Monday, August 06, 2007

Villa de Leyva

We spent the weekend in Villa de Leyva, a colonial town about 160 kilometers North(ish) of Bogotá. It took about 4 hours to get there but that’s due to the twisty, two-lane mountain road that keeps everyone going at a relatively slow pace. They’re expanding the road to make it two lanes in each direction, so at some point in the near future, it should become a quicker trip.

At any rate, Villa de Leyva is a big tourist destination because it is a colonial town. The inn we stayed at, for example, was founded in 1568 and while I’m sure modifications have been made, it felt like something out of a time long passed. It even had a Hobbit bar, although we saw several similar bars.

(Hobbit bars are dark, woody bars in which one could imagine hobbits regaling great deals of farming and singing long songs about crops lost and loves gained.)

The town is organized around a central, cobblestone (more or less) square lined with colonial style buildings that look as if they have been there for more than a century or two. There is a very large church (cathedral) at one end as was traditional and the square is reserved for walking on only.

Around the central square are shops and restaurants and bars, all very nice and entrepreneurial. We spent a significant amount of time walking around, doing some shopping, and of course, eating. I found the food to be of excellent quality. Since it is an international tourist destination, and there were many foreigners, it has flavors from all around there world. For example, I ate Thai style lomo (beef loin) that was not particularly spicy, but was tasty, succulent, and delicious. That was in a restaurant that offered a variety of world flavors from Thailand to France. There was even an Austrian restaurant, which I found bizarre since I can’t imagine the demand for Austrian food is terribly high outside of Austria.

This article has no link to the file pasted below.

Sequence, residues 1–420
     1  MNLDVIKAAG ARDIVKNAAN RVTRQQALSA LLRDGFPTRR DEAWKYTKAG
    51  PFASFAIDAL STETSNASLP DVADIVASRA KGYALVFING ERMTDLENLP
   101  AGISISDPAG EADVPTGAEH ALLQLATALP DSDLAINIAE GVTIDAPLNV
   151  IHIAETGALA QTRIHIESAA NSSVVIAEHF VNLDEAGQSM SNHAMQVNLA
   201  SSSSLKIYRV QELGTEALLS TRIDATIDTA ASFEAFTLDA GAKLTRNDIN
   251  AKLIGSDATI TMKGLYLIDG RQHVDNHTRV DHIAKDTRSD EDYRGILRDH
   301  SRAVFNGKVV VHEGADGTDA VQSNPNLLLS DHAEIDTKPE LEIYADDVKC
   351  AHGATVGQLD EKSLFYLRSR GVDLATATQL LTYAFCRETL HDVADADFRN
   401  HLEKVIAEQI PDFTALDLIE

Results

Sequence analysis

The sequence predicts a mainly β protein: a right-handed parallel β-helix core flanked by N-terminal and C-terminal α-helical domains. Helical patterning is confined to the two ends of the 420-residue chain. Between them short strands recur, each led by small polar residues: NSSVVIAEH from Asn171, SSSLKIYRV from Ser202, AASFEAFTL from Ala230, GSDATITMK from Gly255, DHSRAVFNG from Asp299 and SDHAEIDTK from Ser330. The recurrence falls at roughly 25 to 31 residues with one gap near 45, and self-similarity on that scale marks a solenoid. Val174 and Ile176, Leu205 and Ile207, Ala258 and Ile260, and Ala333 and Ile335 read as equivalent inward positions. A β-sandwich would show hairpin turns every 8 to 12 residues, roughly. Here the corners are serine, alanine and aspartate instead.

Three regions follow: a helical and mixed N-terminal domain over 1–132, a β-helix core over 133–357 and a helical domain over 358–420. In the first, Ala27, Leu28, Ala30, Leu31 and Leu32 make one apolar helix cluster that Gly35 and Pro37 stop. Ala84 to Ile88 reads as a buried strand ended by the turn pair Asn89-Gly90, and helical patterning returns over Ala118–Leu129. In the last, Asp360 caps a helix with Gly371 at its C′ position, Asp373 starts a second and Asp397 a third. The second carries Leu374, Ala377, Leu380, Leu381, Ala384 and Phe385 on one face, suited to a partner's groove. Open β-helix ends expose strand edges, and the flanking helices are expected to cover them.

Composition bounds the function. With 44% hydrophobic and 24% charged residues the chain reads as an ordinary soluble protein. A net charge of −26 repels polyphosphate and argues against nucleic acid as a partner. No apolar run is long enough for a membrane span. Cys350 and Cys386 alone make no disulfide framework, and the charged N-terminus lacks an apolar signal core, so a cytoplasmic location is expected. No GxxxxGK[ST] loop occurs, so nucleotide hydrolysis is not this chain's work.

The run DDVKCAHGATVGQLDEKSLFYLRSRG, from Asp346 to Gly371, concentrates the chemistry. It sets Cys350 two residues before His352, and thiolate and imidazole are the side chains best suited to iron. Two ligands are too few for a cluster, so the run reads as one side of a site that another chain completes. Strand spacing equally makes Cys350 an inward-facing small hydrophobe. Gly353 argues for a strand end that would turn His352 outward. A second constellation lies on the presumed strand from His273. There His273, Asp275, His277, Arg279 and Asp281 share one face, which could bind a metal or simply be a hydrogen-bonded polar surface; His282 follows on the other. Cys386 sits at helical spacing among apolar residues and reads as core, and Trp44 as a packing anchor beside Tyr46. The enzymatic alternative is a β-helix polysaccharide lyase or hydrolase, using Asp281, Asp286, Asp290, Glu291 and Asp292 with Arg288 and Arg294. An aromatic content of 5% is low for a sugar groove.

The inn we stayed at, in addition to being about 450 years old, although I imagine it was an estate first and converted to an inn later, was wedged up against the mountainous wall of the valley. In the back there was a completely natural “swimming” pool. I put “swimming” in quotes because it’s not really hot enough to swim in the icy water, no matter how strong a dose of Colombian optimism you apply to the situation.

Essentially, it was a lake with crystal clear water, lined with stones, and fashioned into a swimming pool. Water bubbled up from underground streams and at one end a small waterfall maintained the water level of the lake. The waterfall formed a stream that divided into different parts that ran around the various buildings ensuring a constant sound of running water, culminating in a small waterfall that entered into the restaurant and disappeared underground. All very soothing indeed.

Our room had old style shutter doors which we could bolt shut from the inside and keep locked when we left with a masterlock. There were also old style shutters on the windows that, if not properly secured, would make quite a racket when the wind picked up. And pick up it did. The valley is known for its wind, especially in August. There is a kite festival in about a week.

The road through the mountains was much like a lot of mountainous roads in that it twisted and wound around natural formations, up and over hills, and through deeply cut rock. At some point, quite close to Villa de Leyva, the mountains change from the trademark emerald green to a muddy brown. Colombians refer to the area as a desert and, although the term doesn’t really fit (it’s not terribly hot), it certainly looks desert like. The route is not, however, as majestic as the route to Villavicencio. This is likely because this road doesn’t cut between mountainous corridors. Instead, it’s a more or less north-south road that remains within the Bogotá corridor.

The wedding we attended was very non-traditional. It was also quite disorganized. Still, there was no real harm in that and we enjoyed ourselves by dancing and chatting with friends old and new. The night ended early, about 11ish, and we headed to bed. It had been a long day and staying up until the crack of dawn like some of the other revelers would have been asking too much. It was interesting to find, however, that the heavy shutters on our windows kept most of the sound out, allowing us to sleep peacefully.

Ultimately, Villa de Leyva may not be a “must see” location but it does have its charms. Anyone who comes to Colombia for an extended period of time should definitely visit, as should anyone with a soft spot for colonial towns with tasty eats and good shopping opportunities.



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